Good goalkeepers are hard to find. On so many occasions a reliable, even inspirational, stopper has exited a successful club and left behind a void that has been hard to fill, at best, or remained a vacant post between the posts at worst. Arsenal won a fair bit with David Seaman between the sticks, but not much, comparatively, since he was farmed out to Manchester City in 2003. Did Manchester United ever really replace the peerless Peter Schmeichel? Look what happened to Charlton after Dean Kiely left... goalkeepers are often remembered more for their mistakes than the countless games they kept their team in it -- Seaman's epic fumble of Nayim's hail-mary pop in the 1994-95 Cup Winners' Cup final a case in point.
A good goalkeeper can make the difference in a single match, or across the course of a league or knock-out competition. However, only one has ever been rewarded with football's highest individual honour; Lev Yashin in 1963. Gianluigi Buffon and Oliver Kahn have bothered the top three in the voting in recent years, but the gong has always gone to the glory boys at the top doing the sexy stuff. Since the Ballon d'Or was merged with the FIFA World Player Award in 2010, five players have dominated the reckoning, and none of them were Iker Casillas, despite Spain's 2010 World Cup win. A little unfair, considering all those 1-0 results in the knock-out stages and that save from Arjen Robben in the final.
The goalkeeper in general has a case for righteous disillusion. One balls-up and you're on the bench, no matter how many you've clawed away up to that point.
Casillas is another case in point. Demoted during the turbulent final season of Jose Mourinho's tenure, the Spain and Real Madrid captain has not regained his place as his club's undisputed starting keeper. He was diplomatic enough recently to say that Real's position in all competitions "has a lot to do with Diego Lopez," but there will come a time when he questions how much his club values him -- and what his value to the club continues to be.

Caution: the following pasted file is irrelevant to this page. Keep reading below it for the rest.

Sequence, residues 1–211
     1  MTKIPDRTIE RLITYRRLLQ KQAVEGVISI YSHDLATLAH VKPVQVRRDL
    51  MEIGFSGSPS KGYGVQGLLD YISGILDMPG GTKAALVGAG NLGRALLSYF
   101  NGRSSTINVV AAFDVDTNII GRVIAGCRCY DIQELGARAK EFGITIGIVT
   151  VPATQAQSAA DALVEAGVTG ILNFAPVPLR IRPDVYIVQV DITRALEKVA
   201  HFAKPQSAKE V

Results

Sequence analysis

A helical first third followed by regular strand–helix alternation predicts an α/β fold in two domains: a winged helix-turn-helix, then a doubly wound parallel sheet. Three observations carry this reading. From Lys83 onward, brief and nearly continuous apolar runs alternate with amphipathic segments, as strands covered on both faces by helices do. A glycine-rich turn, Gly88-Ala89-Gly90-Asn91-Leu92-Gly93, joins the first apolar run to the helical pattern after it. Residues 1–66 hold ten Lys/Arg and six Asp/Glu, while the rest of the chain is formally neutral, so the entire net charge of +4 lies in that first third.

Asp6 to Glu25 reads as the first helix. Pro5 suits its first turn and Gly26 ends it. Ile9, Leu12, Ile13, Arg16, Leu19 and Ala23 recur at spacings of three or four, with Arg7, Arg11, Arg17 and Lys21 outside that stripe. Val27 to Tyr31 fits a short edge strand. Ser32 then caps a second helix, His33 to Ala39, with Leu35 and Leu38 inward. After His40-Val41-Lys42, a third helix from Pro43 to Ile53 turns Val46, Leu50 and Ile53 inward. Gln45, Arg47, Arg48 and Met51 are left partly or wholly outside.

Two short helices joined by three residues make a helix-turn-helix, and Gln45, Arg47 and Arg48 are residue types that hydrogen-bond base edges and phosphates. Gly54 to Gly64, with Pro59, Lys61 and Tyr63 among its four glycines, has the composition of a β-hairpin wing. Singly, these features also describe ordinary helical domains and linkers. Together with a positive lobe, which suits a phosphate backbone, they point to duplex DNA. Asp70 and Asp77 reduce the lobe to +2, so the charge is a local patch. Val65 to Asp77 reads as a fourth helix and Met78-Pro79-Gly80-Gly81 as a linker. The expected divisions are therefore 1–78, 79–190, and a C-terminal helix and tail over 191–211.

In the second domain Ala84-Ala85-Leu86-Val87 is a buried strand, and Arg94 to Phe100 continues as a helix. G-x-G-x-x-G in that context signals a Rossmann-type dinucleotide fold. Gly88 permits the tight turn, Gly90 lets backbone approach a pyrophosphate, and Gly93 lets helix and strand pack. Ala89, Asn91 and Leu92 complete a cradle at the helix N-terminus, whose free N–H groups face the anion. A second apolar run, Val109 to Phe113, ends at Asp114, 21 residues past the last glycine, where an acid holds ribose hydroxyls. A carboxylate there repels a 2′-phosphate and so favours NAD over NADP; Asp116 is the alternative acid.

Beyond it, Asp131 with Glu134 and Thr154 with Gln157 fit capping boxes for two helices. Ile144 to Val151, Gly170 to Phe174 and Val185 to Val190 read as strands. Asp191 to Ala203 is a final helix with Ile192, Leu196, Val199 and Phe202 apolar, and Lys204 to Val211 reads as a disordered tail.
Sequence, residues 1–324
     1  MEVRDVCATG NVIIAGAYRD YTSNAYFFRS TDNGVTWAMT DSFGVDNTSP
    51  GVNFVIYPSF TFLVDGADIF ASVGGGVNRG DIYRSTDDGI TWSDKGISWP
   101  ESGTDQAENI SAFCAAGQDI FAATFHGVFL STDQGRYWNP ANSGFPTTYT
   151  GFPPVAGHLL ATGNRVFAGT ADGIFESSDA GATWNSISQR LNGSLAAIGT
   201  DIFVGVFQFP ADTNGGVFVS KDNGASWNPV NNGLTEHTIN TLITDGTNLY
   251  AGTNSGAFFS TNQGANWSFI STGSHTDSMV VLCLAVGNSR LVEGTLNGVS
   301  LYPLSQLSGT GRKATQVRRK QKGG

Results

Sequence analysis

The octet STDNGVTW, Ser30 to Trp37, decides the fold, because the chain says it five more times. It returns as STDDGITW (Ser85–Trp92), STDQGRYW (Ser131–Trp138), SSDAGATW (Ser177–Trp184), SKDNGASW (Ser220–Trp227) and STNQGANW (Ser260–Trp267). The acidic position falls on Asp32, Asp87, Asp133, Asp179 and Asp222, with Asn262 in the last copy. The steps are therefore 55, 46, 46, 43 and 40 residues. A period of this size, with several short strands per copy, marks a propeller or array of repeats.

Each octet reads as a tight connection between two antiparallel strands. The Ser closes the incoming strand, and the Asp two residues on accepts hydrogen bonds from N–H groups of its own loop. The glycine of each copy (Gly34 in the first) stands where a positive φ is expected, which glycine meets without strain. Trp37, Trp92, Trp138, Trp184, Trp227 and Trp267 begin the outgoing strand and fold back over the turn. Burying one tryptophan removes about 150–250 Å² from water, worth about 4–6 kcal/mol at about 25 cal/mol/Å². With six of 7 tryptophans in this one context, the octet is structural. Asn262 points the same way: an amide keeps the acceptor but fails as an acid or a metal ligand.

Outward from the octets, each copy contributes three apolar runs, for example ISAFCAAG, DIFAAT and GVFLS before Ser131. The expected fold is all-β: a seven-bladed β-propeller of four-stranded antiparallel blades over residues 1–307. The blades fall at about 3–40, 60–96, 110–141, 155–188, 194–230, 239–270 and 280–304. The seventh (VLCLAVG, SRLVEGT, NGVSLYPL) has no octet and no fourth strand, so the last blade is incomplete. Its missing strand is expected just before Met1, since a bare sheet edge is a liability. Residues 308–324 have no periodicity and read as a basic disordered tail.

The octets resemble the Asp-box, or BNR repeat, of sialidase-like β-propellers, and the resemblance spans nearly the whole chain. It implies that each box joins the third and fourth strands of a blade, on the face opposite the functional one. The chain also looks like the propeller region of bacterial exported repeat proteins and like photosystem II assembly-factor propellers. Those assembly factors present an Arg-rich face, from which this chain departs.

Casillas would command a considerable transfer fee even at 32-years-old, which isn't that past-it for a goalkeeper. Buffon is still going strong at 36, and many have kept goal up to the big 4-0, even if that was often the scoreline that resulted in fielding them. Reflexes wane, motivation also. Casillas has consistently proven this season that he lacks neither, even if only in the cup competitions under the current status quo.
This is where Real Madrid has a delicate balancing act to perform as 2013-14 winds down to its denouement. Casillas is coveted by the Premier League, in the same way as his fellow old lag Victor Valdes. Lopez is attracting interest from Italy, notably AC Milan, but there will be other takers if he comes on the market. Why would either not fancy a swansong in a different league, a la Valdes? If Casillas lifts the Decima in Lisbon, and or the World Cup in Brazil, what will he be worth then? A first Spanish league title might be enough for Lopez to consider his work in Madrid done. A fat paycheck offer from abroad turns most heads.